Exeter Street Theatre

26 Exeter Street,
Boston, MA 02116

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Related Websites

First Spiritual Temple, Architectural History of Newbury Street

Additional Info

Architects: Clarence H. Blackall

Functions: Grade School

Nearby Theaters

Exeter Street Theatre

Once housed in the First Spiritual Temple at the corner of trendy Exeter Street and Newbury Street, this theater opened on May 4, 1914, with 1,376 seats.

The Exeter Street Theatre was a popular movie haunt until it closed in 1984.

The theater later became a two-story Waterstone’s book store which was badly damaged by fire in 1995. The theater reopened in fall of 2005 as a Montessori school.

Contributed by John Chappell

Recent comments (view all 52 comments)

z11111 on August 23, 2010 at 12:07 am

Stumbled across some great quality photos (circa 1984) of the theater (along with various other Boston theaters) on flickr here: View link

rsalters (Ron Salters)
rsalters (Ron Salters) on February 21, 2011 at 1:36 pm

The Exeter Street Theatre is listed at “cor. Exeter & Newbury streets” in a 1918 Boston street directory.

Joe Vogel
Joe Vogel on February 22, 2011 at 6:36 am

Clarence Blackall was the architect for the conversion of the First Spiritualist Church into the Exeter Street Theatre in 1914, but the church itself had been built in 1884 from designs by the Boston firm Hartwell & Richardson. Henry Walker Hartwell and William Cummings Richardson (no relation to Henry Hobson Richardson) designed the church in the popular Romanesque Revival style.

Following the closure of the theater, the auditorium space was filled with two additional floors. The 1995 fire did considerable damage to the upper part of the structure, and the subsequent repairs led to additional interior alterations. I don’t know how much, if any, of Clarence Blackall’s interior work from 1914 remains, but Hartwell & Richardson’s exterior has survived remarkably well for a century and a quarter.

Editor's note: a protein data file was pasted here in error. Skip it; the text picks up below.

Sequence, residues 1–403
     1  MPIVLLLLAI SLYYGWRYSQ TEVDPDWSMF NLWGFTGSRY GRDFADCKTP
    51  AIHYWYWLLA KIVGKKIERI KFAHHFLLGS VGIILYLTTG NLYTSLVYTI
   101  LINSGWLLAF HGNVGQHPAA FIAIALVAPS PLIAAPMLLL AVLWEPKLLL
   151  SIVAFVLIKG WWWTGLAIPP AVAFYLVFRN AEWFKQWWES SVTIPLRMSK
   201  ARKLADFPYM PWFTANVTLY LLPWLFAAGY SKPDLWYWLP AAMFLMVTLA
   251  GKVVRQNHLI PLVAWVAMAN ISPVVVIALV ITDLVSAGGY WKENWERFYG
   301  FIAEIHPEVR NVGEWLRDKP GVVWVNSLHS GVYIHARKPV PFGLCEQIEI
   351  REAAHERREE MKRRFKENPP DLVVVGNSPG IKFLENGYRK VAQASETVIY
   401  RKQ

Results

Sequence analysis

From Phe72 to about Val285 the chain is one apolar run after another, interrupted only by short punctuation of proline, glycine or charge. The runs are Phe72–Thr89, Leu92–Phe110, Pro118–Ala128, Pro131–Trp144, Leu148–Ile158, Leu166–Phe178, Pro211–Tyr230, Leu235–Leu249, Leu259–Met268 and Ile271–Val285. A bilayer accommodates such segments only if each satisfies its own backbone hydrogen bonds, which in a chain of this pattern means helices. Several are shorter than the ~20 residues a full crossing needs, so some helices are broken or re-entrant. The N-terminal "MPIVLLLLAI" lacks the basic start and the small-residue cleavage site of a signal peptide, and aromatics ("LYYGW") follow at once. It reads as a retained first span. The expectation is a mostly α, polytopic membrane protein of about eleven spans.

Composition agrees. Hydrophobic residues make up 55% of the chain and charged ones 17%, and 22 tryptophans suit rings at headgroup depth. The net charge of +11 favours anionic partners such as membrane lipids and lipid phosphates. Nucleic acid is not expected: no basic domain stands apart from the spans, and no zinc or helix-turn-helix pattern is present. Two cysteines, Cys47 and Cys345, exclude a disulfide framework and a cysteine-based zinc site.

rsalters (Ron Salters)
rsalters (Ron Salters) on February 22, 2011 at 12:41 pm

I went into the building after Waterstone’s Books located in it. The theater was an “upstairs house”, with the auditorium on the second floor. I recall that the only trace that was apparent to me was the street-level foyer and staircases.

dickneeds111 on May 26, 2012 at 1:20 pm

The Exeter was a wonderful theatre. Played mostly Art and off the wall films. Even played The House of Wax in 3D around New Years Eve in 1972. King of Hearts played forever. They even had great success with the 1st Muppetts movie because no one else wanted it so the management took a chance and it played well. They had a wonderful Stereo Sound system back in the 70’s. The only thing wrong with the Exeter were the seats. Old and uncomfrotable. A great movie experience though.

Ron Newman
Ron Newman on May 26, 2012 at 1:36 pm

I recall “King of Hearts” playing “forever” at the Central Square Cinema across the river — not here at the Exeter.

Nataloff on August 13, 2012 at 11:57 pm

A very eccentric woman named A. Viola Berlin ran the Exeter Street Theatre. She seemed to be the only person in the world who could get along with Donald Rugoff, the mercurial owner of Cinema 5 who supplied the Exeter with its remarkable string of hits from about 1967 to the early 70s. I seem to recall as well that Ms. Berlin used the theatre on Sunday mornings for some sort of religious services, thereby receiving some kind of tax advantage. Above all, I remember that the Exeter was the one Boston theatre where you went to the theatre rather than the movie playing there because you knew the movie playing there would usually be good.

doyle on December 30, 2012 at 3:43 pm

My mother used to go there during the 40s. She remembered a funny little guy who used to man the ticket booth.
She went back 35 years later – and the same guy was working the ticket booth. She recognized him instantly. She also told me the Exeter was one of two Boston movie theaters that showed foreign films. The other was on Mass. Ave and was flattened by the Christian Scientists. She remembered seeing Kind Hearts And Coronets at one of these two, in 1949.

Gerald A. DeLuca
Gerald A. DeLuca on January 8, 2019 at 4:21 am

In his 1981 book “Reflections of a Rock Lobster-A Story About Growing Up Gay,” author Aaron Fricke mentions visiting the Exeter Street Theatre for a showing of “The Rocky Horror Picture Show.”

Art Laurie
Art Laurie on June 20, 2019 at 7:30 pm

I’m surprised Rocky Horror wasn’t mentioned previously, as it was the theater’s mainstay from 1978 until it’s closure in 1984. 1100 or so seats including the awesome balcony, and it was sold out more times than not on Friday and Saturday at midnight. I performed there for many years until the theater shut down.

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